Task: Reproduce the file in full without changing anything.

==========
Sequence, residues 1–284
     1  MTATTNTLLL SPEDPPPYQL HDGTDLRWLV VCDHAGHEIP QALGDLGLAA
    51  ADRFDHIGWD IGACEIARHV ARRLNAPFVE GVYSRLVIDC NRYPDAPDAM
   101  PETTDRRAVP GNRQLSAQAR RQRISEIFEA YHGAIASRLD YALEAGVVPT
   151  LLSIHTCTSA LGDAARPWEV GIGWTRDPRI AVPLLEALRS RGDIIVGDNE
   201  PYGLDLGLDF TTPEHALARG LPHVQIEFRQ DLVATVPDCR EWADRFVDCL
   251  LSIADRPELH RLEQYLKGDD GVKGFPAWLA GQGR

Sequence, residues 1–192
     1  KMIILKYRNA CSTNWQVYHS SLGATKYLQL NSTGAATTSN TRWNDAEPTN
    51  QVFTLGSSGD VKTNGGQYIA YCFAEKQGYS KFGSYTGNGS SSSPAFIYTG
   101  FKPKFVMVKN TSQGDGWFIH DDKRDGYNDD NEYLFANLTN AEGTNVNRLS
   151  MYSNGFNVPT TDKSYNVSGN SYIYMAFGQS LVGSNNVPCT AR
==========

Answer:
Sequence, residues 1–284
     1  MTATTNTLLL SPEDPPPYQL HDGTDLRWLV VCDHAGHEIP QALGDLGLAA
    51  ADRFDHIGWD IGACEIARHV ARRLNAPFVE GVYSRLVIDC NRYPDAPDAM
   101  PETTDRRAVP GNRQLSAQAR RQRISEIFEA YHGAIASRLD YALEAGVVPT
   151  LLSIHTCTSA LGDAARPWEV GIGWTRDPRI AVPLLEALRS RGDIIVGDNE
   201  PYGLDLGLDF TTPEHALARG LPHVQIEFRQ DLVATVPDCR EWADRFVDCL
   251  LSIADRPELH RLEQYLKGDD GVKGFPAWLA GQGR

Sequence, residues 1–192
     1  KMIILKYRNA CSTNWQVYHS SLGATKYLQL NSTGAATTSN TRWNDAEPTN
    51  QVFTLGSSGD VKTNGGQYIA YCFAEKQGYS KFGSYTGNGS SSSPAFIYTG
   101  FKPKFVMVKN TSQGDGWFIH DDKRDGYNDD NEYLFANLTN AEGTNVNRLS
   151  MYSNGFNVPT TDKSYNVSGN SYIYMAFGQS LVGSNNVPCT AR